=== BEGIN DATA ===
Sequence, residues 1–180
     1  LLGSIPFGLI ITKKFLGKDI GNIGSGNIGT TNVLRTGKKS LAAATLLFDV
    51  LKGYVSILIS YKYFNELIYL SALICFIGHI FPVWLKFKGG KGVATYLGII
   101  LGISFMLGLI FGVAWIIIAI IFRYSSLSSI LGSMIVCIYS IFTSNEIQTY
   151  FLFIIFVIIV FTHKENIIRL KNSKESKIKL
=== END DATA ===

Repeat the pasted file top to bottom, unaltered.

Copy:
Sequence, residues 1–180
     1  LLGSIPFGLI ITKKFLGKDI GNIGSGNIGT TNVLRTGKKS LAAATLLFDV
    51  LKGYVSILIS YKYFNELIYL SALICFIGHI FPVWLKFKGG KGVATYLGII
   101  LGISFMLGLI FGVAWIIIAI IFRYSSLSSI LGSMIVCIYS IFTSNEIQTY
   151  FLFIIFVIIV FTHKENIIRL KNSKESKIKL